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Jefferson Fracture

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Other Names

  • C1 Burst Fracture
  • C1 Anterior Arch Fracture
  • C1 Posterior Arch Fracture

Background

  • This page describes traumatic C1 burst fracture, known more commonly as a 'Jefferson Fracture'
    • Also covers isolated anterior and posterior arch fractures

History

  • First reported by British Neurosurgery Sir Geoffrey Jefferson in 1920

Epidemiology

  • C1 fractures account for:
    • 25% of the upper cervical spine injuries[1]
    • 2%–13% of all acute cervical spine fractures
    • 1%–2% of all fractures of the human spinal column
  • Males represent 57-69% of cases[2]
  • Bimodal distribution: young men (20s) and elderly females (80s)[3]
  • Mean age at diagnosis is 50,

Pathophysiology

  • Typically seen after an axial load to the upper cervical spine and skull
  • Less commonly seen with rotational forces
  • Considered unstable due to tears to the transverse atlantal ligament
  • By definition, both the anterior and posterior atlas rings are fractured
  • Generally not associated with neuro deficits, fragments tend to spread away from spinal canal

Etiology

  • Most commonly due to diving in a shallow body of water, falling or motor vehicle accident

Pathoanatomy

  • C1 (also known as atlas)
    • No vertebral body, instead has anterior and posterior arches
    • Sits bellow the occiput and above C2, articulating with both
    • Vertebral arteries pass through the transverse foramina
  • Transverse atlantal ligament (TAL)
    • Rupture of ligament compromises atlantodens relationship

Associated Injuries


Risk Factors

  • Unknown

Differential Diagnosis


Clinical Features

  • General: Physical Exam Neck
  • History
    • Often a history of significant trauma with axial load, flexion or extension mechanism
    • Patients will endorse neck pain
    • Neurologic symptoms frequently absent
  • Physical Exam
    • Avoid range of motion
    • Thorough neurovascular exam of extremities

Evaluation

Radiographs

  • Standard cervical radiographs are rarely helpful
  • Difficult to see C1 fractures on plain films
  • May demonstrate
    • Ligamentous instability inferred with lateral mass displacement of 7 mm or greater
    • Increased atlanto-dens interval (ADI)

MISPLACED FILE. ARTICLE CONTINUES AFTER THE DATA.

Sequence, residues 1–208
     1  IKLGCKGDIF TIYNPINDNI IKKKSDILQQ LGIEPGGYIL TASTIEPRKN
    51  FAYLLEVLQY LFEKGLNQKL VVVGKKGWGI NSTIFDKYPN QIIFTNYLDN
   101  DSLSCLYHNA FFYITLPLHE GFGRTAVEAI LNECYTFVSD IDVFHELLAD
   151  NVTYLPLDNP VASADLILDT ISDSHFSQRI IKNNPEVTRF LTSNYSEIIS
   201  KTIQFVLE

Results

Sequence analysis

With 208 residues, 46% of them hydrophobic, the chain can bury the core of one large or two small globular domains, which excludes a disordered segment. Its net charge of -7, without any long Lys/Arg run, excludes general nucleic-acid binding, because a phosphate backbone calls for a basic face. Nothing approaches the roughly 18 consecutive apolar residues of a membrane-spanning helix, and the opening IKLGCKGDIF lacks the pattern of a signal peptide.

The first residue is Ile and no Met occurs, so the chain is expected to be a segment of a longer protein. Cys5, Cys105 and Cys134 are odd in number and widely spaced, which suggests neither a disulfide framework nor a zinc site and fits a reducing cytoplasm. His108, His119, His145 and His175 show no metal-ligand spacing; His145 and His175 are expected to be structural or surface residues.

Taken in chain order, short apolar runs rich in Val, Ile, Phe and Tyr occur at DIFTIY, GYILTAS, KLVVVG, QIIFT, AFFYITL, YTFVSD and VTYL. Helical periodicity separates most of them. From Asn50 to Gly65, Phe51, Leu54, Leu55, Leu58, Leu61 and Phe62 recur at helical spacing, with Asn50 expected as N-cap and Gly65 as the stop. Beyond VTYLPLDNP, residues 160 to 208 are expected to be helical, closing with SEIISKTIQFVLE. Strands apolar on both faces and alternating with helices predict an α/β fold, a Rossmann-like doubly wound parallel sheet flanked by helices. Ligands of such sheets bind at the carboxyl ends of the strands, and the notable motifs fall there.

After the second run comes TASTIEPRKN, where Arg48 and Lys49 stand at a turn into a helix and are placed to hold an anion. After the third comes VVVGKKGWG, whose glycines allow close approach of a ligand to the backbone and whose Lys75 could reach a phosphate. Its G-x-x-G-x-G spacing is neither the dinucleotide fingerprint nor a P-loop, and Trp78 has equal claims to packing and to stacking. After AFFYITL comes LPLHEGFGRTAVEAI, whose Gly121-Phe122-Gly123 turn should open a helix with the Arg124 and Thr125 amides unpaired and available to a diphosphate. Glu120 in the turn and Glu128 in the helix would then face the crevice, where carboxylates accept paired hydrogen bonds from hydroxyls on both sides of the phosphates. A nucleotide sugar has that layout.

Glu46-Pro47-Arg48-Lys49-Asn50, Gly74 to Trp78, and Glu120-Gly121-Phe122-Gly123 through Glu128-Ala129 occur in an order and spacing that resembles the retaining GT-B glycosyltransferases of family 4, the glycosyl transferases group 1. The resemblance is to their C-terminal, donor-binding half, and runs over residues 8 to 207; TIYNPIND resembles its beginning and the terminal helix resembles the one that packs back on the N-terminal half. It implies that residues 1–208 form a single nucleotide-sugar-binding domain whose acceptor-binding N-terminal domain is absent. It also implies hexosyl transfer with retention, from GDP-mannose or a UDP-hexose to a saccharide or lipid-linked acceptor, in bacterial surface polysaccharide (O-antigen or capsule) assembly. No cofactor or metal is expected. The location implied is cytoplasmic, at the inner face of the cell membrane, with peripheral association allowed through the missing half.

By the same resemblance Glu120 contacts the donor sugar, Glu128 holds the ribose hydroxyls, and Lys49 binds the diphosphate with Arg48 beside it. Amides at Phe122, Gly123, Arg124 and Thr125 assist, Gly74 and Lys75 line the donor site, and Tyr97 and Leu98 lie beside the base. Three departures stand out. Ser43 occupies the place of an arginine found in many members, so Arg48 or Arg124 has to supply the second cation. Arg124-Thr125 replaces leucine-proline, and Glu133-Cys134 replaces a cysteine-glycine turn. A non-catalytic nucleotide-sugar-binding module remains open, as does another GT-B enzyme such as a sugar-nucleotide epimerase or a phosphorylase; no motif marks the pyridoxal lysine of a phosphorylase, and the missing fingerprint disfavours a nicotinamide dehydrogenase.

CT

  • Gold standard for osseus evaluation

MRI

  • Useful to evaluate soft tissue and ligamentous injury

Pediatric Considerations

  • Challenging diagnostically in young children
  • C1 body not radiographically visible until age 1[4]
  • Does not fuse until age 4
  • Congenital abnormalities can also cloud the picture

Classification

  • Type I
    • Axial load and flexion or extension
    • Isolated fracture of the anterior or posterior arch
  • Type II
    • Axial load
    • Bilateral fractures of anterior and posterior arch
  • Type III
    • Axial load and rotation
    • Lateral mass fracture

Management

  • No standardized management guidelines
  • Recommendations based on case reports and case series

Prognosis

  • Needs to be updated

Nonoperative

  • Indications
    • Stable fracture
    • First line in most cases
  • Technique
    • Rigid collar
    • Halo-thoracic brace
    • Sterno-occipitomandibular immobilization
    • Minerva Jacket
  • Immobilize for 8-12 weeks

Operative

  • Indications
    • Complex fracture patterns
    • Co-occuring C2 fracture, atlanto-occipital dislocation
    • Instability
    • Neurologic compromise
  • Technique
    • Occiput-C1 or C1-C2 fusion

Rehab and Return to Play

Rehabilitation

  • Needs to be updated

Return to Play

  • Needs to be updated

Complications

  • Myelopathy
  • Death
  • Nonoperative
    • Neck Pain
    • Discomfort from orthosis
  • Surgical
    • Infection
    • Hardware displacement
  • Cock-robin deformity (atlantoaxial rotatory fixation)

See Also


References


  1. Levine AM, Edwards CC. Fractures of the atlas. J Bone Joint Surg Am. 1991;73:680–91.
  2. Matthiessen C, Yohan R. Epidemiology of atlas fractures—a national registry-based cohort study of 1,537 cases. Spine J. 2015;15(11):2332–7.
  3. Kakarla UK, Chang SW, Theodore N, Sonntag VK. Atlas fractures. Neurosurgery. 2010;66(3 Suppl):60–7.
  4. Lee C, Woodring JH. Unstable Jefferson variant atlas fractures: an unrecognized cervical injury. AJNR Am J Neuroradiol. 1991;12(6):1105–10
Created by:
John Kiel on 4 July 2019 09:26:55
Authors:
Last edited:
17 November 2020 15:40:50
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